Claiming to have 4.3 trillion readers, the Onion supports parodist and its writers' paychecks in SCOTUS brief
Updated: The satirical website the Onion deems itself to be “the single most powerful and influential organization in human history” in an amicus brief urging the U.S. Supreme Court to hear the case of an Ohio man who was prosecuted for creating a parody Facebook page for the local police department.
The Onion brief supports Anthony Novak, who lost his lawsuit against Parma, Ohio’s police department when the 6th U.S. Circuit Court of Appeals at Cincinnati ruled that police had qualified immunity from his constitutional claims.
“The Onion cannot stand idly by in the face of a ruling that threatens to disembowel a form of rhetoric that has existed for millennia, that is particularly potent in the realm of political debate, and that, purely incidentally, forms the basis of the Onion’s writers’ paychecks,” the amicus brief says.
“The petition for certiorari should be granted, the rights of the people vindicated, and various historical wrongs remedied. The Onion would welcome any one of the three, particularly the first.”
The brief argues that a satire works best when told with a straight face—and that means that Novak didn’t have to include a disclaimer on his fake Facebook page for the Parma, Ohio, police department. The page, which was up for 12 hours, claimed that the department was offering free abortions in a police van and was hosting a “pedophile reform event” with a “no means no” learning station.
About a dozen people called police about the page, including some who wanted to know whether it was real. Police then posted a warning about the fake page on the department’s website, which Novak copied onto his fake Facebook page.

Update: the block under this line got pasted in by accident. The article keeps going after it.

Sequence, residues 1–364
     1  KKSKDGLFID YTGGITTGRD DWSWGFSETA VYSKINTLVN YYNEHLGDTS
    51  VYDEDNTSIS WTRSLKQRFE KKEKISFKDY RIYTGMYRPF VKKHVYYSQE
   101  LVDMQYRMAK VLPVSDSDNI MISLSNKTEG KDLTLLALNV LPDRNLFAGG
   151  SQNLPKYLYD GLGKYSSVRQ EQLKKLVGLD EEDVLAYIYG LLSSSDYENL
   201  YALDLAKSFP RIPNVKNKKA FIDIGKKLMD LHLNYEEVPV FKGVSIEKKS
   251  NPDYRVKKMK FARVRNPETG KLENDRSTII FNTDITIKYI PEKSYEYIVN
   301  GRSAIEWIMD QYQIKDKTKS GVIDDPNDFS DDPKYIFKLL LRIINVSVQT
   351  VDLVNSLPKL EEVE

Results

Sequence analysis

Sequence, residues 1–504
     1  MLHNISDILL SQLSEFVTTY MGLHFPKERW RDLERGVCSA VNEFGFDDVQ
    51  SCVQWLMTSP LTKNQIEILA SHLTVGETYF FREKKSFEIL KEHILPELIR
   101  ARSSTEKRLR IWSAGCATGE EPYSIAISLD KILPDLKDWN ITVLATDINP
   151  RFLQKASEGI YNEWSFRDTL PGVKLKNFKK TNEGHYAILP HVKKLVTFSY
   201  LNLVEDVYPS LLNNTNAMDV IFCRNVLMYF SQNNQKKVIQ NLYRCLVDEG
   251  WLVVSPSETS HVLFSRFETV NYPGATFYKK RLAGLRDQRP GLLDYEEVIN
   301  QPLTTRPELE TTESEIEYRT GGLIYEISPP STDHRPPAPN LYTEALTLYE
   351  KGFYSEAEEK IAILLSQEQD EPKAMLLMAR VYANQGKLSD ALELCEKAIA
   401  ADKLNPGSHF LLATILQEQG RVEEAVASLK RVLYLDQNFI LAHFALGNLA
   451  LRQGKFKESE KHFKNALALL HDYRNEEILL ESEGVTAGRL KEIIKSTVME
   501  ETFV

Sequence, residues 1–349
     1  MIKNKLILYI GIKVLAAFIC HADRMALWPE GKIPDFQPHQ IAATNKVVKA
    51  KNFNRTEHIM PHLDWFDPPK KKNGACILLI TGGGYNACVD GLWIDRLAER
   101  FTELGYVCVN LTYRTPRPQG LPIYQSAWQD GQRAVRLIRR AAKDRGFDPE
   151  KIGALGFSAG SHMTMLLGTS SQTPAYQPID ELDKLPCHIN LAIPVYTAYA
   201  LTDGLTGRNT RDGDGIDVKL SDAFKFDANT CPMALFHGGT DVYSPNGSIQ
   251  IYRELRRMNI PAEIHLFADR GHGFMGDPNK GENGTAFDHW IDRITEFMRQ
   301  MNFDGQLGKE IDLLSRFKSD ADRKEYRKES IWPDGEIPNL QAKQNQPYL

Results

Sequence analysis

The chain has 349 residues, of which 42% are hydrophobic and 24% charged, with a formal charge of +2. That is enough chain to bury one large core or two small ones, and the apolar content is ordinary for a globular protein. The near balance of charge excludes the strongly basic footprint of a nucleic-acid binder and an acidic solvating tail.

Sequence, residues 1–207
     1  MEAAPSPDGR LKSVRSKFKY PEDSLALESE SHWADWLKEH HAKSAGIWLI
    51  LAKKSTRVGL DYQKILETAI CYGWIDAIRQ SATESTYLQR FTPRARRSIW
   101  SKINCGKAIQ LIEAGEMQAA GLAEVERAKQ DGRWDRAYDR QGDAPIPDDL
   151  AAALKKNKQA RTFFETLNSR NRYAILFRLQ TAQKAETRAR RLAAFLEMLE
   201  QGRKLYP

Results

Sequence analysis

After learning Novak’s identity through a Facebook search warrant, police arrested Novak, who spent four days in jail before making bond. He was later acquitted on a charge of disrupting police functions.
Novak sued for violation of his First and Fourth Amendment rights. The 6th Circuit ruled against Novak in April.
Novak is represented by the Institute for Justice, according to a Sept. 27 press release. Its cert petition asks the Supreme Court to decide whether government officials are entitled to qualified immunity when they arrest someone based purely on speech. The Institute for Justice argues that the Supreme Court should do away with qualified immunity altogether.
The Onion brief argues that a parody has to plausibly mimic the original to work. The brief cites instances in which its parody was taken as reality, as when:
• China’s state-run news agency republished a news story by the Onion proclaiming Kim Jong-un, the leader of North Korea, “the sexiest man alive.”
• An Iranian news agency uncritically picked up a headline by the Onion titled: “Gallup Poll: Rural Whites Prefer Ahmadinejad to Obama.”
• A Republican congressman thought that he had to warn his constituents about the abortion-rights movement after reading a headline by the Onion titled: “Planned Parenthood Opens $8 Billion Abortionplex.”
The brief also says its headlines have forecast future events and provides this 2017 headline as an example: “Mar-a-Lago Assistant Manager Wondering If Anyone Coming to Collect Nuclear Briefcase From Lost and Found.”
The brief began with a tongue-in-cheek description of the Onion, complete with claims that it has “a daily readership of 4.3 trillion,” and that it supports “more than 350,000 full- and part-time journalism jobs in its numerous news bureaus and manual labor camps stationed around the world.” The brief also asserts that the publication “owns and operates the majority of the world’s transoceanic shipping lanes.”
“The Onion intends to continue its socially valuable role bringing the disinfectant of sunlight into the halls of power,” the brief says. “And it would vastly prefer that sunlight not to be measured out to its writers in 15-minute increments in an exercise yard.”
The listed authors of the Onion brief are two lawyers from Michigan law firm Miller Johnson: Steve van Stempvoort, chair of the firm’s appellate practice group, and litigator D. Andrew Portinga.
But Mike Gillis, head writer for the Onion, wrote much of the brief, NPR reports. Gillis told the publication that he wrote most of the arguments and jokes, and then the lawyers added legal precedent and historical context in “an extremely collaborative process.”
Updated Oct. 5 at 8:45 a.m. to add information on Mike Gillis, the Onion writer who wrote much of the brief.